Another trend of course are science based targets. The IPCC latest reports say the objective should be to limit the global warming to one and a half degrees above pre-industrial and companies now or are adopting the science based targets for their operations and doing what's necessary to help meet that that global goal. Is CDP also incorporating science based targets or maybe giving the higher letter grades to companies or organizations that are using these science based targets?

You have it exactly right. That's exactly what we're doing. First of all, we absolutely love science based targets and CDP strategy is very much designed around the massive implementation of science based targets. We are very proud members of a broader consortium, including WRI and many other NGOs developing ever improving methodology for setting science based targets. For those who don't know what science based targets mean, it's like the end of incrementalism. In the early parts of my career at CDP, big companies with huge emissions would say, "Oh, we're recycling our paper." Well there's nothing wrong with recycling your paper, but if you've got 10 or 15 million tons of CO2 coming out of your operations, that's a much bigger issue. Science based targets mean that you can be confident that the company is reducing its emissions in line with what is required to keep us below 2 degrees, and in due course, changing that trajectory to make sure we stay below one and a half degrees.

I just also want to mention that, yes it's true, CDP scoring reflects improved scoring for compliance with the science based targets. But interestingly, we've been working with the French government and others on something called ACT, which means Assessing the low-Carbon Transition. Really, you've got two methodologies to think about: 1) the methodology the company needs to follow to deliver on its science based targets and 2) the methodology the investor needs to use to evaluate how well the company is complying with that objective.

What is one piece of advice you would give other sustainability professionals that might help them in their careers?

Authority is taken and not given. We in the sustainability community are on the winning side of a very long and protracted argument. Stay close to marketing. Recognize that you can add value margin and market share by using sustainability marketing. Also, give orders in your organization politely, effectively and seductively. Achieve the necessary outcome, but recognize that it is not enough to say you're doing your best. You have to actually succeed in doing what is necessary.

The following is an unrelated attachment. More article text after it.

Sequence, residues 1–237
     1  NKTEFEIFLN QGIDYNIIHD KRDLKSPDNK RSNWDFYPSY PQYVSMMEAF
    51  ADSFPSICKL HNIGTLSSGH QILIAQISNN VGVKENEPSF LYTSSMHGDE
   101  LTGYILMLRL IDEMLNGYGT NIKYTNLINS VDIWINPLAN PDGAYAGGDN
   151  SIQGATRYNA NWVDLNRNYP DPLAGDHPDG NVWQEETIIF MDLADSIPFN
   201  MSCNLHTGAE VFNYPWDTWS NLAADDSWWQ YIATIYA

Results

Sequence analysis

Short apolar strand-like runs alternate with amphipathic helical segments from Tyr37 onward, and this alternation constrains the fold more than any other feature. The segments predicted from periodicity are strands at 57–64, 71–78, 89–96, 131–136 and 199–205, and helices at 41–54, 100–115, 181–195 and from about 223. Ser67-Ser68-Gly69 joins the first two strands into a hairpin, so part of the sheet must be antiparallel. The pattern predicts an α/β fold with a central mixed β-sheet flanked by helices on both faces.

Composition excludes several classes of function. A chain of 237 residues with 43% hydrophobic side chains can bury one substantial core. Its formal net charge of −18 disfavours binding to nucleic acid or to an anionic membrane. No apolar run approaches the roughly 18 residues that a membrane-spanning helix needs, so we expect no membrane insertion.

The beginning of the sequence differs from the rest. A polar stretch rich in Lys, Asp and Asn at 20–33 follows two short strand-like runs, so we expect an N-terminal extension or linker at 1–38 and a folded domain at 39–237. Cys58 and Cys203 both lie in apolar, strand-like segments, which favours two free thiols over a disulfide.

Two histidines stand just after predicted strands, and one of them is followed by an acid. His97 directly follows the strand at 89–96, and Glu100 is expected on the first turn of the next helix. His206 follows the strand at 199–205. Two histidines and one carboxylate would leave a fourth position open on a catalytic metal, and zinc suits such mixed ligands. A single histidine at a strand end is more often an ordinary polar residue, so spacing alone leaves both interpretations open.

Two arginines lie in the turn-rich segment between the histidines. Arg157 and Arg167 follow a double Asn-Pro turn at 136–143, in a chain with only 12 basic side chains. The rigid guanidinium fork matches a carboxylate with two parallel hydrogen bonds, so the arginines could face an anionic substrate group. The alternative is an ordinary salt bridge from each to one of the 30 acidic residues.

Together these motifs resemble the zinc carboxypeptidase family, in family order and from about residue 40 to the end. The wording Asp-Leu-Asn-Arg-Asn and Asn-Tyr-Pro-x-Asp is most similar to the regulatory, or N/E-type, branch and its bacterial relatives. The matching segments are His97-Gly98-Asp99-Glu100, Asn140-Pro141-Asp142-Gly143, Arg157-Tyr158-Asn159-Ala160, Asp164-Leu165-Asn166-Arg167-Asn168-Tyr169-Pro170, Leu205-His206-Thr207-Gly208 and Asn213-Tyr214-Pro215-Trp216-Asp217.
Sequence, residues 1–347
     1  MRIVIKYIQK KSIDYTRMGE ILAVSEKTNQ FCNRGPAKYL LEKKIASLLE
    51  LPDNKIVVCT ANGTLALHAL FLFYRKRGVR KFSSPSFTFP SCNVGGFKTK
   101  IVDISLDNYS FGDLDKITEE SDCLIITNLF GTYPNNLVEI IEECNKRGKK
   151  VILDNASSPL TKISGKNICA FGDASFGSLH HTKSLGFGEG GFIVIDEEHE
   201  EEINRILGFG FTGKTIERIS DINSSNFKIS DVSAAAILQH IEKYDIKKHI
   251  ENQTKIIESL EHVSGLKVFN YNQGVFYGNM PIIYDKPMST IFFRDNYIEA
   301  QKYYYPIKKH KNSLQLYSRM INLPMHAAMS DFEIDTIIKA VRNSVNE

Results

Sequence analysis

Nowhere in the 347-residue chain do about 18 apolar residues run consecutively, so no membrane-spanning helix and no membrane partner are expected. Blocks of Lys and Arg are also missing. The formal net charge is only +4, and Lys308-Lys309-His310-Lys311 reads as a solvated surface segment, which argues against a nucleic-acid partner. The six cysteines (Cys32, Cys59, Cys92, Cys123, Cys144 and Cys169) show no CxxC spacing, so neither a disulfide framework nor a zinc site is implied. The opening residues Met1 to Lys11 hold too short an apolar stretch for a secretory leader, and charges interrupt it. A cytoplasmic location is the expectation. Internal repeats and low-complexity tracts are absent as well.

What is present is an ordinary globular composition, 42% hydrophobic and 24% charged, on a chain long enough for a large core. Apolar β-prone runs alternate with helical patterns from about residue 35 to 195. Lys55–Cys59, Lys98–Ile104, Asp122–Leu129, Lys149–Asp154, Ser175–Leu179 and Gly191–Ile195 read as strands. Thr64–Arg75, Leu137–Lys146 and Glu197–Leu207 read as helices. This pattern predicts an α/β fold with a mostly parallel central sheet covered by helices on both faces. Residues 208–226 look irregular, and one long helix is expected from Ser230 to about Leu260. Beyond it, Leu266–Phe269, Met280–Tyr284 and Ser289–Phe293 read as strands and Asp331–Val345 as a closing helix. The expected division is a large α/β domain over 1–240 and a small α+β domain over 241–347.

What are you most excited about right now in the world of sustainability?

I'm excited by the public demonstration of passion and enthusiasm for sustainability. I'm going to answer your question by sticking to my core passion. Before I actually got involved in climate change 20 years ago, I was kind of involved in the early days of the information and communications technology revolution. I do in fact delight in fiber optic cable and the capabilities of video telephones. When are we going to have a broadband video telephone with eye contact. We're still a long way away from getting that. Where I'm going with this long rambling answer is the concept of dematerialization. We need to dematerialize economic growth and information and communication technology can help us do it. What we need is our big friends in Google, AT&T, Apple, Microsoft, Sony to recognize that they are part of the solution, not part of the problem. The future is going to be moving electrons and not assets.

What is one book you'd recommend sustainability leaders read?

I would strongly recommend you read the book Dark Money by Jane Mayer. It's a New York Times investigation into the manipulation of public debate on sustainability by certain private companies. It helps frame the level of the problem of why the public is not always so receptive as you might expect to putting money behind their own survival. It gives an indication of what to avoid in terms of sustainability bad instead of sustainability good. It's just a forensic political analysis which will help people to understand aspects of contemporary politics, which they might otherwise find difficult to understand.

What are some of your favorite resources or tools that really help you in your work?

Well, the number one has got to be CDP website. Please go to That's a great resource where you can see what thousands of companies are doing. I would also encourage people to check out another UK based NGO called ShareAction: Beyond that, there's so many different ways to answer the question. Have a think about tuning into a new podcast called Outrage and Optimism, which I've had the privilege to launch with my colleagues. We have our first interview with David Attenborough, who's got a new series on Netflix.

Where can people go to learn more about you and your work at CDP? Please also have a look ShareAction, this other NGO that I mentioned in the UK. If you're in the UK, download GIKI, which is the company that I'm the director of which I'm very, very fond of. Have a look at Influence Map, which is an NGO I'm involved with. Have a look at the Findhorn Ecovillage in Scotland where I convene events. But at the end of all of that, my primary job where I work 80% of the week is at CDP. I would really welcome anyone listening to this podcast to go to